The inaugural lunch for the President, the Vice President, their families, Congress and the Supreme Court will have a New York flavor as well.
On the menu: a 2009 Merlot from Bedell Cellars in North Fork, L.I., and and a 2010 dry Riesling from the Finger Lakes; cheese from Cooperstown; Hudson Valley Apple Pie and water from Saratoga Springs.
"I am using it as an opportunity to highlight the best of New York," said Schumer.
Not all New York products made the cut. Honey from a roof in Red Hook in Brooklyn was supposed to be served but the apiary was wiped out by Hurricane Sandy.
Schumer said he "wanted to feature Long Island duck," but a committee of spouses of senior lawmakers, including Schumer's wife, Iris, reported that while "the duck was very good, the presentation was not that good. So we went with bison from South Dakota."

The honey served at the Inaugural Luncheon is from a small upstate artisan apiary near Lake Ontario (Rochester), Seaway Trail Honey, SeawayTrailHoney.com. The honey won the blue ribbon Best of Show award at this year's NYS Fair.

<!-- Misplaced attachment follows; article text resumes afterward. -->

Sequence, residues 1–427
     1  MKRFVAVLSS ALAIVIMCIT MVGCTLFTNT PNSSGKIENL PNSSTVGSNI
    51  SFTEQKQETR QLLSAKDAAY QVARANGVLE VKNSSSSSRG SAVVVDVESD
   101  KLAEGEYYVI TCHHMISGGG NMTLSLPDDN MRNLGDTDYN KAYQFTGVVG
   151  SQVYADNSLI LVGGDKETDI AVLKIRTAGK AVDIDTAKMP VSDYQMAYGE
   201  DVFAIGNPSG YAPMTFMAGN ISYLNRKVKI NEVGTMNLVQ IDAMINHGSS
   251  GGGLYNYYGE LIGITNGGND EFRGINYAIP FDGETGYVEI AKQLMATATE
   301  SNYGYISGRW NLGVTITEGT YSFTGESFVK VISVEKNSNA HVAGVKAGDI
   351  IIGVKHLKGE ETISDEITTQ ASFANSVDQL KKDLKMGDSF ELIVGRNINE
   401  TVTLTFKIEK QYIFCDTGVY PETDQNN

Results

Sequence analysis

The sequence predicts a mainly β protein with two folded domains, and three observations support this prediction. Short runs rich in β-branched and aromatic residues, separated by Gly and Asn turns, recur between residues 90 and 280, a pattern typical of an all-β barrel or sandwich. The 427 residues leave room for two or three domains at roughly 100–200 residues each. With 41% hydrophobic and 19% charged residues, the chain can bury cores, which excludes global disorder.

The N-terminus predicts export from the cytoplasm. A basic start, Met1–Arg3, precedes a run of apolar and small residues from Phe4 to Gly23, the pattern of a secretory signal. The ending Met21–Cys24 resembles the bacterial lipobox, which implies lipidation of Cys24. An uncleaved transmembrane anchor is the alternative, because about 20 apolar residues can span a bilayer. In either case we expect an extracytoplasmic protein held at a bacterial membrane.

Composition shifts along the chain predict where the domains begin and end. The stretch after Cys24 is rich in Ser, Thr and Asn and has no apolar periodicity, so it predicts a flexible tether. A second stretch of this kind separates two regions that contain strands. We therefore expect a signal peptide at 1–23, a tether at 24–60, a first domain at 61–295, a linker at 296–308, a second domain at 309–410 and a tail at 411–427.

Guests  serenaded by a string quartet made up of students from the University of Rochester's music school.

A painting of Niagara Falls behind the head table.

Snack on two different New York-made Greek yogurts.

Maple syrup from the Hudson River valley will make appearances in two courses, including in apple pie made with New York state apples and served with cheese from Cooperstown, N.Y.

Obama inaugural speech references Stonewall Riots, Greenwich Village, NYC

Obama inaugural speech references Seneca Falls, New York,  Seneca Falls Convention July 19–20, 1848. 
 
*
Inauguration's Unmistakable New York Accent
  1. Brooklyn Tabernacle
  2. Bronx-born Supreme Court Associate Justice Sonia Sotomayor.
  3. P.S. 22 chorus from Staten Island,
  4. 2009 Merlot from Bedell Cellars in North Fork, L.I.,
  5. 2010 dry Riesling from the Finger Lakes;
  6. Cheese from Cooperstown;
  7. Apple Pie  Hudson Valley
  8. Water from Saratoga Springs.
  9. Obama inaugural speech references Stonewall riots NYC
  10. Obama inaugural speech references Seneca Falls, New York,  Seneca Falls Convention July 19–20, 1848. 
  11. A painting of Niagara Falls behind the head table.
  12. Snack on two different New York-made Greek yogurts.